Slowing the flow for people and wildlife in the Soar Valley

Narborough Bog is part of a new project in the upper Soar Valley that will utilise Natural Flood Management (NFM) techniques to help protect local people from flooding and create valuable new wildlife habitats in the process.

This is a national pilot programme led by the Environment Agency and a range of partner organisations including Leicestershire and Rutland Wildlife Trust, to undertake monitoring and research the effectiveness of Natural Flood Management features across the landscape.

What is Natural Flood Management?

Natural Flood Management is all about working with natural processes to reduce flood risk and involves implementing a wide variety of measures that help to protect, restore and emulate the natural functions of river catchments and floodplains. The main aim is to reduce water from a flood by holding it back for as long as possible, allowing more to penetrate into the ground or evaporate and delaying the arrival of large volumes of water downstream.

There are a wide range of NFM measures that can be used in to manage the flow of water through the landscape. Some act to reconnect rivers to their floodplains, with others such as tree planting, the creation of ‘leaky’ barriers, digging of ponds, removing culverts and restoring meandering rivers, store and slow the progression of flood flows.

Once NFM features are installed, they can lead to a wide range of multiple benefits other than reducing flood risk, including habitat creation, prevention of soil erosion, improvements in water quality and increasing resilience to the impacts of climate change, to name just a few.

Narborough Bog

Narborough Bog is one of 4 landholdings taking part in the new project and work started this autumn to create a number of NFM features close to the banks of the river. For example, felling a small number of trees and carefully securing them across the span of the river and within the adjacent floodplain, so that they act to encourage spill to the floodplain, and slow and hold water when heavy rain occurs.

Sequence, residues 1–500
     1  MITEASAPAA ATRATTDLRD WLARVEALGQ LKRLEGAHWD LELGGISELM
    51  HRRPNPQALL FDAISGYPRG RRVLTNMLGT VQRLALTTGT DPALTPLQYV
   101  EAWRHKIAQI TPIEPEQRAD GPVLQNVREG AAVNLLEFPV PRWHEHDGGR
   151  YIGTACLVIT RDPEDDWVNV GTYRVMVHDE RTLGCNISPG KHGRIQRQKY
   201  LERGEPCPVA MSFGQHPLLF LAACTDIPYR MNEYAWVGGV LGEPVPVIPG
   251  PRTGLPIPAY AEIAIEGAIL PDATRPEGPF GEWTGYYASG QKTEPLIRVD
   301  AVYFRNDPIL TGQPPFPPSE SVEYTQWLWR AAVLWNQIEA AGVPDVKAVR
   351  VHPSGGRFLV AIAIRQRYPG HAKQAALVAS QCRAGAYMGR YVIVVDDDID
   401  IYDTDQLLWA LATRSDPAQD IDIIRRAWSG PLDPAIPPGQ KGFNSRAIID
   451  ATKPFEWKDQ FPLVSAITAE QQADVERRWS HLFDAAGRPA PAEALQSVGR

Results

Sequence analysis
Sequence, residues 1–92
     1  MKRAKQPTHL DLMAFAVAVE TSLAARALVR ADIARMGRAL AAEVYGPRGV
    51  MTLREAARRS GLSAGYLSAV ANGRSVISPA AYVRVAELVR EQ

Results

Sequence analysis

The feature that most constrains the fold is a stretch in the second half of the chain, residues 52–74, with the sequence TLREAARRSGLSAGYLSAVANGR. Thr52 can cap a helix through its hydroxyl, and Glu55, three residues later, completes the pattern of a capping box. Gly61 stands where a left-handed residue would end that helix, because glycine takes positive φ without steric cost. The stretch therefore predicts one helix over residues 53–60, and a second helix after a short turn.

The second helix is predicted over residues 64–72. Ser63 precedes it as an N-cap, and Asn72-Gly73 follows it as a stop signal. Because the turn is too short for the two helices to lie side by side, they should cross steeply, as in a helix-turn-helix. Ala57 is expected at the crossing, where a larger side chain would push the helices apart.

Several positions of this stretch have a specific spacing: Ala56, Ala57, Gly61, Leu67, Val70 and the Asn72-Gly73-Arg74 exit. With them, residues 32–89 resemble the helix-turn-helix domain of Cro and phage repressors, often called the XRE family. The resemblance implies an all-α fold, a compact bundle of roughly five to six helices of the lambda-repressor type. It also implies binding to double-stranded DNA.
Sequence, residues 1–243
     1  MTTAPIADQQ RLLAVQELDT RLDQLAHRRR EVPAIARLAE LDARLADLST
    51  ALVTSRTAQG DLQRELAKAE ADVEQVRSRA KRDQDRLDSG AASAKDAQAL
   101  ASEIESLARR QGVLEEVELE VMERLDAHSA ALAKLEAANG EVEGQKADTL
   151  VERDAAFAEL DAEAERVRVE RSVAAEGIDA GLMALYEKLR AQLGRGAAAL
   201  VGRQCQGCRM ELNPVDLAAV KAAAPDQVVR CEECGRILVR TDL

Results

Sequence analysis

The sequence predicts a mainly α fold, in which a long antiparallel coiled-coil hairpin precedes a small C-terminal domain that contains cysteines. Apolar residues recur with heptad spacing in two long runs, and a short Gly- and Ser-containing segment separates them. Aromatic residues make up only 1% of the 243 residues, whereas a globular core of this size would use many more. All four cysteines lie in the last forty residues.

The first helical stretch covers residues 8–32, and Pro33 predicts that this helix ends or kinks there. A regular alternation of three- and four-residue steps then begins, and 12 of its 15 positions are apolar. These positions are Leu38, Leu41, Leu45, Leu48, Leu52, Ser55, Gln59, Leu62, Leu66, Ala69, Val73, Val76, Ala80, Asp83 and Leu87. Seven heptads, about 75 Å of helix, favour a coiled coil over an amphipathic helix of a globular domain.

Through these types of interventions, habitats will retain water for much longer periods and will attract a wider variety of species to areas of wet woodland on the site. Aquatic plants and insects will initially benefit from this work, and a wider range of other species including bats, birds and toads in the future.

Ben Devine, Conservation Officer for the Leicestershire and Rutland Wildlife Trust says:

“The Trust’s involvement in this project is centred on our Narborough Bog nature reserve with the aim of rewetting large areas of habitat across the site for the benefit of wetland wildlife. As a result of historic changes in hydrology and pressures from surrounding development such as roads and railway lines, Narborough Bog has dried-up significantly over the years and we are delighted to be working with the Environment Agency and others to improve the watercourse for the benefit of wildlife and local communities downstream”

Alex McDonald, Project Manager for the Environment Agency says:

“Working within Narborough Bog is a great opportunity to pilot natural flood management and to really understand the multiple benefits it can deliver. We’ve been working closely with Leicestershire & Rutland Wildlife Trust to make sure our designs marry with the ethos of the nature reserve and we hope that we will be able to show through our monitoring that we have been able to benefit the ecology of the reserve as well as reducing flood risk downstream.”

Narborough Bogs is one of four sites in the Leicester area where this approach is being piloted. At the other sites ponds are being created to store water and tree planting used to slow overland flows. Each site will be monitored with changes in water levels and ecology closely scrutinised to see how effective the NFM measures are.

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